The Food and Drug Administration is alerting Americans to the potential dangers of at-home COVID-19 tests after receiving reports of people egregiously misusing them, resulting in injuries.
In, the FDA said it had received reports of injuries after people used the kits’ liquid test solution as eye drops or stuck the solution up their noses. “The liquid test solution is not supposed to touch your body,” the FDA wrote sternly. The agency also reported that some children had been injured after putting test components in their mouths and swallowing the solution.
“The liquid solutions may include chemical ingredients, such as sodium azide, that help the test work properly or act as preservatives,” the FDA wrote. “The test chemicals can be irritating or toxic if they get on your skin, nose, or eyes or if they are swallowed.”
At-home tests all have slightly different protocols, but they often involve combining a test solution and nasal swab samplings on a test card. In Abbott’s popular BinaxNow test, for example, people are instructed to put six drops of a test solution onto a testing card. Then test-takers swab their noses, insert the swab into the primed test card, seal the card, and wait 15 minutes for results. In the iHealth COVID-19 test, test-takers swab their noses, swirl the swab in a test solution, then squeeze three drops of the solution onto a test card and wait for results.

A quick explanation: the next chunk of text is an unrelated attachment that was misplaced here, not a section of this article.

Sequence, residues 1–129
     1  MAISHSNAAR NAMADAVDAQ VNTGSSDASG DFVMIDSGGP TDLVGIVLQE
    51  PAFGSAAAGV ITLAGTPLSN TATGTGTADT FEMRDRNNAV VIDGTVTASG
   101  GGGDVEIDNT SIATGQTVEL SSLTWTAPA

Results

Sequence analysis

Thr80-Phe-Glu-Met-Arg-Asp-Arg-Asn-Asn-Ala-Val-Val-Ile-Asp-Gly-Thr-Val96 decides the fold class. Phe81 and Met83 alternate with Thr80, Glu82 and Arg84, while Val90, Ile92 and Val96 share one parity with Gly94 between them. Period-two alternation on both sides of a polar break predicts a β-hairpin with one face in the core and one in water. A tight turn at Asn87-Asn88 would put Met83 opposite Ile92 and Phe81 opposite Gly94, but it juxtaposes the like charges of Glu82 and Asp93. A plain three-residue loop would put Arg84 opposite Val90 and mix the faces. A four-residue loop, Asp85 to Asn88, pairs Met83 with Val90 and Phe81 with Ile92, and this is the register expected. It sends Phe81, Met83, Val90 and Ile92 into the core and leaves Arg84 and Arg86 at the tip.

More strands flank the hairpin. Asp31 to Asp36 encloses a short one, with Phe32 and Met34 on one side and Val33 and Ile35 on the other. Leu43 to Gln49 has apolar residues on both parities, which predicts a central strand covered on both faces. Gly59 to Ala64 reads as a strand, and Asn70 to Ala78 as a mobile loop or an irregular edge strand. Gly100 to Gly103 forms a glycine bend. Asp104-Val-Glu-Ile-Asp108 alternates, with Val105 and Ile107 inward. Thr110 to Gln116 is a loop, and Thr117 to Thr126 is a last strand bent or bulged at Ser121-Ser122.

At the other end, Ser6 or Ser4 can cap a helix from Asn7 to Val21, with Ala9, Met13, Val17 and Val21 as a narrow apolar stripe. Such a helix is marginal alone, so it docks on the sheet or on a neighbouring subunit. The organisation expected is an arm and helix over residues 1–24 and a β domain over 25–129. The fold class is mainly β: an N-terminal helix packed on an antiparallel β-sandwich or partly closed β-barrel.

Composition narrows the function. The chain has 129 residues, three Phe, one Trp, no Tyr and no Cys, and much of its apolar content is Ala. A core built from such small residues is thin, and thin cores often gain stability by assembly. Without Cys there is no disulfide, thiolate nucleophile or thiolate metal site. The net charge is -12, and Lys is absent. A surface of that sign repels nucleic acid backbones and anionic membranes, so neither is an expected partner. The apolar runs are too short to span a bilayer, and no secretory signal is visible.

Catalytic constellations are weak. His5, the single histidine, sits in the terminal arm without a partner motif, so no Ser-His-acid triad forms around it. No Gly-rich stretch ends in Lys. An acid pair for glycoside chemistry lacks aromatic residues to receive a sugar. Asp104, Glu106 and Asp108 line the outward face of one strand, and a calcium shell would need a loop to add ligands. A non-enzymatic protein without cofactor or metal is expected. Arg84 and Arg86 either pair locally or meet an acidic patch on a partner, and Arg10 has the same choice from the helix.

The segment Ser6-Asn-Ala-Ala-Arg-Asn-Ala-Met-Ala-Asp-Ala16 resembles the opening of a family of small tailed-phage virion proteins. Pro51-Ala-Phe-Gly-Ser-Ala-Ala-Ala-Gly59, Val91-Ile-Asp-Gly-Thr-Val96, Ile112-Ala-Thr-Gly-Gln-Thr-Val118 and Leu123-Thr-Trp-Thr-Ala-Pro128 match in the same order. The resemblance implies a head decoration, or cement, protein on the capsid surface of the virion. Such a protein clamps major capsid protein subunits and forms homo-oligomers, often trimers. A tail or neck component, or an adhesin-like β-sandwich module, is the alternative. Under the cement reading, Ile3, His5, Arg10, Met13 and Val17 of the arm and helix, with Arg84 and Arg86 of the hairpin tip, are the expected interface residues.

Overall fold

According to the FDA, some people have put the test solution onto the swab before swabbing their nose, resulting in the test solution being swirled around their nostrils.
It’s unclear how many people have been injured by these testing snafus or how serious their injuries were. However, the FDA would like you to stop it. The agency recommends that everyone keep their test kits out of reach of pets and small children. Once you’re ready to use your kit, read the directions and follow them. The agency also helpfully recommends that you “keep the liquid solution away from the skin, nose, mouth, and eyes. Do not swallow the liquid solution,” and “use only the swab in the test kit to collect a nasal sample.”
“FDA authorized at-home COVID-19 tests have become an important and convenient tool that people can use to check if they or a family member are currently infected with SARS-CoV-2, the virus that causes COVID-19,” the regulator notes. They’re also perfectly safe to use—when you follow the directions.